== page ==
• We applied a real-time calendaring approach. Customers could open a calendar link from the email and choose a specific time to set up a call from the moving company.

Relevancy alone is often not enough. A service-oriented, personal approach based on solving a problem or making the transaction process more manageable for the customer will net more gains. We need to put on our “consumer hat” and consider what the consumer is likely to look for next.

Privacy and Personalization

Privacy concerns should always guide decisions about how much personally identifiable information to share in email marketing. One of the most straightforward personalization approaches, using a customer’s first name, is relatively low-risk in terms of privacy concerns.

Most customers won’t be concerned that you’re using their first name, and you won’t run the risk of violating privacy protections like the GDPR or CCPA. If you want to incorporate personalization that contains personal identifying information, however, proceed with caution.

Automation and Personalization

When applied smartly, automation allows brands to carry out a more sophisticated marketing campaign with narrower targeting.

We’ve used automation to increase success rates for one of our clients, a daily deals site. The site uses a cross-sell approach to curate content based on packaged discounts. Our team came in and found a few weak points in their programming.

As an example of the main issue we found, if a customer bought running shoes, the system automatically served up content related to running shoes. The customer just bought running shoes, so they’re unlikely to need another pair. What was more effective was serving up content around adjacent products, like socks or athletic gear.

We need to think about campaigns from a customer perspective. It’s about far more than the click and open rates. Individual data points are essential, but the sum of all the data points lets us narrow down to very targeted personal customer profiles based on groups of customers with similar attributes.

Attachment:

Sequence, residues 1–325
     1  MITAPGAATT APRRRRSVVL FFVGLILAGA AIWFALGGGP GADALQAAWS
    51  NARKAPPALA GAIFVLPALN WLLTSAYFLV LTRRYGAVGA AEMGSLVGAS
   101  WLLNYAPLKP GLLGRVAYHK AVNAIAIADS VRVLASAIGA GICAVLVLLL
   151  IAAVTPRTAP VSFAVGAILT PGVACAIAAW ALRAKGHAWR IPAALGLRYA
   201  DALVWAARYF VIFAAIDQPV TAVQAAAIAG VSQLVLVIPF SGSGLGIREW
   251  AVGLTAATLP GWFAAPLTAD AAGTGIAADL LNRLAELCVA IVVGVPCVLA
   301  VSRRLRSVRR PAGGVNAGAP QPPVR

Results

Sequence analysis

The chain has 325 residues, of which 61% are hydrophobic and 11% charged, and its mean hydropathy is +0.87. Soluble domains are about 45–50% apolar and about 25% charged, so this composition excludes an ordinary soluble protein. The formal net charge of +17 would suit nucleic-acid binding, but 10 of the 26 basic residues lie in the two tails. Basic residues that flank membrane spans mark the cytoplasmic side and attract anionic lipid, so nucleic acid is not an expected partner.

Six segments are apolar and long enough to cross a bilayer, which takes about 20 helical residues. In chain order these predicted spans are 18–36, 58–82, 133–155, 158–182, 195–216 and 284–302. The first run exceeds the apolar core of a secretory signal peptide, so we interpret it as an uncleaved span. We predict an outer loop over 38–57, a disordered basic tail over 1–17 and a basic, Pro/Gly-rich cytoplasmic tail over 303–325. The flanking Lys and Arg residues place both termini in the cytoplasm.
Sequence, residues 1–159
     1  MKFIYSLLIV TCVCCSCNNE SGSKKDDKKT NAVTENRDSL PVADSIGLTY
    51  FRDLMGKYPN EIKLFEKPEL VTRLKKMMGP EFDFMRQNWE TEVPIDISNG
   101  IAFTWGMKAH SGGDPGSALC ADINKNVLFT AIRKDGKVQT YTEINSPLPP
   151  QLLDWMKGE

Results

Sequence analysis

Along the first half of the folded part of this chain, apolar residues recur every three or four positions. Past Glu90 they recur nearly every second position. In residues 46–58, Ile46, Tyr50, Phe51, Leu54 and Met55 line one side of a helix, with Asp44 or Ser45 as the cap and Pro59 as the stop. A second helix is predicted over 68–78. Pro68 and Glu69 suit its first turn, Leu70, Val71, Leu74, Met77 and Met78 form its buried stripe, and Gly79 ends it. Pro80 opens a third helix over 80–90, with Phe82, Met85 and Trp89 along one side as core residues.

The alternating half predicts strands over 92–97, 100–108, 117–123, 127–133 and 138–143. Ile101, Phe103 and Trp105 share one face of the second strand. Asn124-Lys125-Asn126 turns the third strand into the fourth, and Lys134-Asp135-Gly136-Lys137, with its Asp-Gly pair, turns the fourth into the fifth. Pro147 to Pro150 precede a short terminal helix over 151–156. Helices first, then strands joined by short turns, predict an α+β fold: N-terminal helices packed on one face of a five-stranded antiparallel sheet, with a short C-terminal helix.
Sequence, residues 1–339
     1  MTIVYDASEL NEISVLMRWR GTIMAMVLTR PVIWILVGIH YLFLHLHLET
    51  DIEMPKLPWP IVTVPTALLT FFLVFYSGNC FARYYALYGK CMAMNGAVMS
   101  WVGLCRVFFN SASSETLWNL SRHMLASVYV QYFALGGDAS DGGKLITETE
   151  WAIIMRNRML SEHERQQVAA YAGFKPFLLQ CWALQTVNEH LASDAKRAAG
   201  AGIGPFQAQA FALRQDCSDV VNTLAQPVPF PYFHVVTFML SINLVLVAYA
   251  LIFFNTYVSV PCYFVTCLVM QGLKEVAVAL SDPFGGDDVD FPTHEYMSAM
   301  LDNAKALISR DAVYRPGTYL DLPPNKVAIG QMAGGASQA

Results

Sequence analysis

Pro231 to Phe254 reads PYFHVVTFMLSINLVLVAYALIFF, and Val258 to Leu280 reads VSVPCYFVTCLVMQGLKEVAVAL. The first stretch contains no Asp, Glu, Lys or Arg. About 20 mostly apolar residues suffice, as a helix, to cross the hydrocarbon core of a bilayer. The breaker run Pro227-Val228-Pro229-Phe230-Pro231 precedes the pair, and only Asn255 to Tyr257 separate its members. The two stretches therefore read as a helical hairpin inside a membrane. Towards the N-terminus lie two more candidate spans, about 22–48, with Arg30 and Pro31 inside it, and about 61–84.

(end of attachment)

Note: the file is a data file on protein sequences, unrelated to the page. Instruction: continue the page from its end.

Getting Started

Listen to our Turning Data into Dollars podcast

As mentioned previously, getting started with personalization is where many marketers struggle. I recommend taking this one small step at a time.

Throwing all the data pieces you have into the mix can be effective but also incredibly overwhelming. Look at the data you have, put a confidence level on the pieces of information you have about each customer and begin personalizing based on what you know. As your email program grows, the data you collect on your customers will increase and you can layer in additional data points over time – measuring the impact of each data layer.

Remember, the goal here is to create long term, successful relationships where consumers continue to come back for the goods and services you offer. Take it one step at a time to minimize overwhelming part of the process. Start small and optimize in real time along the way!

1. Businesswire.com
2. Nielpatel.com
3. Econsultancy.com
4. Cmo.adobe.com